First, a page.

First, whatever you do: DON’T HAVE CHILDREN YET!! I say that upfront and in all caps because you mention kids twice in your letter and you have a history of pushing life events — like marriage — before you’re ready. And you are not ready for a baby. A baby will not save your marriage and it will not be the secret ingredient to make you happy. I cannot stress that enough.
I also cannot stress enough how important it is that you get yourself to therapy. Yes, couples therapy is absolutely important, but in your case, individual therapy is probably even more important. You have a pattern of making really bad decisions that needs to be addressed by a professional. That you moved in so quickly with someone with whom you had serious trust issue, and that you married someone you weren’t happy to marry — after what sounds like years of pressuring him to marry you — and that you believed you could make a rule to not develop feelings for someone and then were shocked to discover you could actually love someone else besides your husband, all indicate some not entirely realistic or healthy views on love and marriage and relationships.
Of COURSE you can develop deep feelings for someone other than your partner (and of COURSE you can fall in love despite “rules” not to!). Everyone is capable of falling in love with multiple people — even at the same time. It’s especially easy to believe you’re falling in love when your entire relationship is cocooned in intimacy and all the real-life, day-to-day stuff a true couple has to deal with is shielded from your couple bubble. In short: your husband and your FWB are not on equal playing fields, and it’s unfair to compare them or compare your feelings for them.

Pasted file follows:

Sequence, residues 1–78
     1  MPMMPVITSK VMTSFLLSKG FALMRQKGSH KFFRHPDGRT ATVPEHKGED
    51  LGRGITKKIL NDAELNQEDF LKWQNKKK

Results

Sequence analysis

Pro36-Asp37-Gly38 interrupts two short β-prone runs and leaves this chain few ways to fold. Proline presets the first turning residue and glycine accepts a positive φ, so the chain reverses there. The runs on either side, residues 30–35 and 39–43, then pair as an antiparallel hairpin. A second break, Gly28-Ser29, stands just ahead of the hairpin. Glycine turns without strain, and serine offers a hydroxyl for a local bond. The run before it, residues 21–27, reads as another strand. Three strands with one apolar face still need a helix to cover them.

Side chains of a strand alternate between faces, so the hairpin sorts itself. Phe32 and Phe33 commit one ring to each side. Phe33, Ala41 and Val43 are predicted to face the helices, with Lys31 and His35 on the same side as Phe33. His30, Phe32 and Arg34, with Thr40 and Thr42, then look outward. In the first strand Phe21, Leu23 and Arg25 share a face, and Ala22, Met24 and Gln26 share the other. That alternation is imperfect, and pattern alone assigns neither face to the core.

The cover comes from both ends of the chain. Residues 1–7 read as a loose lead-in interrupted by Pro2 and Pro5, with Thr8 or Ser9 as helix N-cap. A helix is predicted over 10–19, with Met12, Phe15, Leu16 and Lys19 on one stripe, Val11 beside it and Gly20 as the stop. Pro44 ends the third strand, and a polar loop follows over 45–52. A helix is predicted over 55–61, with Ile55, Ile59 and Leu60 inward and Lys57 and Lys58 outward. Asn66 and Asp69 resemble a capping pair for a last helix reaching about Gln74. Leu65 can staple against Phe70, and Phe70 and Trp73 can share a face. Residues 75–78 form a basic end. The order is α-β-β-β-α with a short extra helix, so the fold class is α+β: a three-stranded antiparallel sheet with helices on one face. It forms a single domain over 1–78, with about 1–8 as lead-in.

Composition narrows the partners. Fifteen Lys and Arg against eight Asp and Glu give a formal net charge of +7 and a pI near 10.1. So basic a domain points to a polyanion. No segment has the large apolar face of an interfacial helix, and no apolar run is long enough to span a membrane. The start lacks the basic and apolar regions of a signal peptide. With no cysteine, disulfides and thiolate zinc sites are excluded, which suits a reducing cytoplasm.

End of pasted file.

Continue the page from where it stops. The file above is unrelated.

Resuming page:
Your feelings for both men are related though. After feeling “emotionally mute” for so long and like your husband didn’t understand you or empathize with you, despite finally opening up a little more, it’s easy to understand why the sparkle of an affair would be so alluring. But the sparkle is merely a distraction from the mess of your marriage and the rest of your life. And if you now put all your energy focusing on the distraction, rather than your marriage, your life is only going to get messier.
So let the distraction go. Get yourself to therapy. Stop sleeping with other people. Don’t get pregnant. And make some decisions about whether your marriage is worth fighting for now that you know that, yes, it is actually possible to love other people. Because while it’s possible to love other people, love is different than commitment. Certainly, a two-month affair is different than a marriage. Marriage is about acknowledging life’s many, many distractions — temptations, obligations, shifting feelings, a longing for something more or something different — and working through them (together) and putting every effort into overcoming the distractions, while balancing your own personal needs. If that balance can’t be met, or if you just don’t feel like making the effort, perhaps it’s time to MOA. But you need to understand that EVERY relationship involves distractions and compromises and, just because you experienced two months of couple bubble bliss with your FWB, doesn’t mean that guy is your soul-mate.